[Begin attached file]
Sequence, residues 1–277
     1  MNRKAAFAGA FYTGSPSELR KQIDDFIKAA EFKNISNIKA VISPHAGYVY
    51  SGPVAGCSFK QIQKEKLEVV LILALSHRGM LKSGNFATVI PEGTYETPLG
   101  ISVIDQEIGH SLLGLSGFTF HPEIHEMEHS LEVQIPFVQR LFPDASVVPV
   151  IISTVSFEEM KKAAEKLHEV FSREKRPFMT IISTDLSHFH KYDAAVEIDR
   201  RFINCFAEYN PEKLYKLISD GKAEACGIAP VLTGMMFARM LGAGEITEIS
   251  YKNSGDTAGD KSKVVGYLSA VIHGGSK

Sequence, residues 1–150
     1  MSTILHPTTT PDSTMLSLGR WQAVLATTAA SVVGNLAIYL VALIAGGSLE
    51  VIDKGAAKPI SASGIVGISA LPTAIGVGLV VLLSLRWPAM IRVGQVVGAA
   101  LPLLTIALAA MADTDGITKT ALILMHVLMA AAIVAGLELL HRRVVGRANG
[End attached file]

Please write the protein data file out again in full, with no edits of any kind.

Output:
Sequence, residues 1–277
     1  MNRKAAFAGA FYTGSPSELR KQIDDFIKAA EFKNISNIKA VISPHAGYVY
    51  SGPVAGCSFK QIQKEKLEVV LILALSHRGM LKSGNFATVI PEGTYETPLG
   101  ISVIDQEIGH SLLGLSGFTF HPEIHEMEHS LEVQIPFVQR LFPDASVVPV
   151  IISTVSFEEM KKAAEKLHEV FSREKRPFMT IISTDLSHFH KYDAAVEIDR
   201  RFINCFAEYN PEKLYKLISD GKAEACGIAP VLTGMMFARM LGAGEITEIS
   251  YKNSGDTAGD KSKVVGYLSA VIHGGSK

Sequence, residues 1–150
     1  MSTILHPTTT PDSTMLSLGR WQAVLATTAA SVVGNLAIYL VALIAGGSLE
    51  VIDKGAAKPI SASGIVGISA LPTAIGVGLV VLLSLRWPAM IRVGQVVGAA
   101  LPLLTIALAA MADTDGITKT ALILMHVLMA AAIVAGLELL HRRVVGRANG